The NFL on Thursday declared Pryor eligible for the NFL's supplemental draft, which will take place Monday after being postponed (because of Pryor's situation). The former Ohio State quarterback and his legal team went to great lengths to show that his situation with Ohio State had indeed changed, a requirement for any player wishing to enter the supplemental draft. Pro football is a business, and if Pryor can provide the services an NFL team needs, he should be given the opportunity to work. The NFL is already being praised for suspending Pryor. From the NFL's memo to its teams:
Pryor made decisions that undermine the integrity of the eligibility rules for the NFL Draft. Those actions included failing to cooperate with the NCAA and hiring an agent in violation of NCAA rules, which resulted in Ohio State declaring him ineligible to continue playing college football. Pryor then applied to enter the NFL after the regular draft. Pryor had accepted at the end of the 2010 college football season a suspension for the first five games of the 2011 season for violating NCAA rules. Pryor will be ineligible to practice prior to or play in the first five games of the NFL regular season after he signs."
Let's not forget what the supplemental draft is: a chance for players whose eligibility situation changed after the regular NFL draft in April to earn money from teams willing to pay them.
It seems like the NFL is throwing the NCAA a bone at a very difficult time for college sports' governing body.
For Pryor, the suspension likely isn't a huge deal.
Pryor tweeted Thursday morning: "God bless and thanks for support! As first reported by ESPN's Adam Schefter, former Ohio State quarterback Terrelle Pryor has been deemed eligible to enter the 2011 supplemental draft. The draft will be held Monday, August 21, after a brief delay caused by the NFL's debate about Pryor's potential right to enter the NFL.
Whatever problems the NFL may have had about Pryor doing so have apparently been mitigated by an interesting draft precedent — Pryor will serve the five-game suspension he would have served at Ohio State in 2011 for his new NFL team. The NFL informed its teams that Pryor "made decisions that undermine the integrity of the eligibility rules for the NFL draft." These included Pryor's failure to cooperate with the NCAA in its investigation of Ohio State, and hiring an agent (Drew Rosenhaus) in violation of NCAA rules.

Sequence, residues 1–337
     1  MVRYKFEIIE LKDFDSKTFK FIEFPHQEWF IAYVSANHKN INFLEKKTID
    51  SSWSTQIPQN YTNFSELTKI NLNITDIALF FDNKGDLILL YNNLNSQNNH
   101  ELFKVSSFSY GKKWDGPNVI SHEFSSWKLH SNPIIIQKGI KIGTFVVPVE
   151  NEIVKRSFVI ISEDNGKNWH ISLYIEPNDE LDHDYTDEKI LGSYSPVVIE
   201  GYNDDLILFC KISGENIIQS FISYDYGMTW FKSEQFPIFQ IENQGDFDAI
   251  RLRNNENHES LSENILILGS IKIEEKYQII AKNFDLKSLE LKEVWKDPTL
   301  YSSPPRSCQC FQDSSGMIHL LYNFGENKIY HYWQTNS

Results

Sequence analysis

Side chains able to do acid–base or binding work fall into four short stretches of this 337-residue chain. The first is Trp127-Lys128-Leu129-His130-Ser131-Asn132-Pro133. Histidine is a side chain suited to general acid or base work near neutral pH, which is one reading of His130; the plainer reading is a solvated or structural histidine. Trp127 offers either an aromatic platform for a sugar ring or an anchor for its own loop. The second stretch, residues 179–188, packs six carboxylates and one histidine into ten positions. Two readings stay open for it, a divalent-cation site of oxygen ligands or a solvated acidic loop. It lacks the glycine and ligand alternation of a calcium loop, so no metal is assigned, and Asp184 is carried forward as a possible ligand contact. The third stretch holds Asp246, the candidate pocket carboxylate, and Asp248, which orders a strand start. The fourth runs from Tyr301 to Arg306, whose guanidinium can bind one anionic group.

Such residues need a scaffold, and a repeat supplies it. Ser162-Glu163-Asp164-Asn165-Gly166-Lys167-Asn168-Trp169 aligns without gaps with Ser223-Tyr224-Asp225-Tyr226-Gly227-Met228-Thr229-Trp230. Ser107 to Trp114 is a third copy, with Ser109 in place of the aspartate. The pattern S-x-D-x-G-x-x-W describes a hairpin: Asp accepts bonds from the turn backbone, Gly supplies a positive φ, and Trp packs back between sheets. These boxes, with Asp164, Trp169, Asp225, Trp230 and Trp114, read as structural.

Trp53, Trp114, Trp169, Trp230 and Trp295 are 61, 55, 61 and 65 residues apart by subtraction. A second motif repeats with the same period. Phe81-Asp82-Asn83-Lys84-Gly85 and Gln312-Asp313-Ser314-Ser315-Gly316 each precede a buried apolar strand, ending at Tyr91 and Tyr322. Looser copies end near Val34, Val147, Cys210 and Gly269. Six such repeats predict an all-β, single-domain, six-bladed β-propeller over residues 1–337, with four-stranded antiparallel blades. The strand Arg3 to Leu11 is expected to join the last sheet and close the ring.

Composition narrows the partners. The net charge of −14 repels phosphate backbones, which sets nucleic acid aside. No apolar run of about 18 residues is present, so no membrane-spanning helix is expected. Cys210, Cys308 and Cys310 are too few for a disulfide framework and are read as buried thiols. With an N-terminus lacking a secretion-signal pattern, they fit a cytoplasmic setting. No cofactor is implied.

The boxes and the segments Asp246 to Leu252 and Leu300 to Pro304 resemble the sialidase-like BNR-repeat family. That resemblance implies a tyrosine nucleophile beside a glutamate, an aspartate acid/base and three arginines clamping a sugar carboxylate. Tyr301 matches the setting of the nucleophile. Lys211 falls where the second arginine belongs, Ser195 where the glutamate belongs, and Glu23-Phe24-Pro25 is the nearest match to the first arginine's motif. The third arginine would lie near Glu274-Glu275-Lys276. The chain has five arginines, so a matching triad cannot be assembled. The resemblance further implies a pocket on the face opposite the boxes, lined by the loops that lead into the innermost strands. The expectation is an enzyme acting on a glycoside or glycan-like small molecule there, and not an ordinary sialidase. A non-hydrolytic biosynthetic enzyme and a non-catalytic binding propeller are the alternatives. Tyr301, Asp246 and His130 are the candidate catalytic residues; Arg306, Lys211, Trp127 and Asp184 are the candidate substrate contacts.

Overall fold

Pryor left Ohio State after his part in a scandal than involved impermissible benefits given to players over a number of years. The NFL isn't beholden to carry forward any NCAA punishments, and Pryor hasn't committed any NFL violations. As NFLDraftScout.com's Rob Rang notes, there are six players entering this year's supplemental draft: Western Carolina cornerback Torez Jones, Georgia running back Caleb King, Lindenwood University/Allen Wranglers (IFL) defensive end Keenan Mace(notes), North Carolina defensive end Michael McAdoo, Pryor and Northern Illinois safety Tracy Wilson.
Through three seasons at Ohio State, Pryor completed 477 passes in 783 attempts (a 60.9 completion percentage) for 6,177 yards, 57 touchdowns with 26 interceptions. Most draft experts anticipate that Pryor will go in the later rounds. Teams that spend draft picks in one year's supplemental draft will forfeit the pick in that same round in the next year's draft.
The Shutdown Scouting Report: Terrelle Pryor
Dangerous player on the run, especially when running counter and play-action. Much better throwing when he's rolling right; Pryor keeps his eyes downfield and understands timing. Right now, Pryor is a single-pitch pitcher with some potential; a good running quarterback with some natural physical advantages. The NFL has rescheduled its supplemental draft for Monday and also made former Ohio State quarterback Terrelle Pryor eligible to be selected. New York, NY (Sports Network) - The NFL has rescheduled its supplemental draft for Monday and also made former Ohio State quarterback Terrelle Pryor eligible to be selected.
It was postponed, in part, to allow the NFL more time to reconsider Pryor's status.
The NFL eventually made Pryor eligible for the draft, but ruled that he cannot play or practice for any team that signs him for the first five games of the 2011 season. According to the league, Pryor "made decisions that undermine the integrity of the eligibility rules for the NFL Draft. In addition to Pryor, five other players will be eligible for the draft.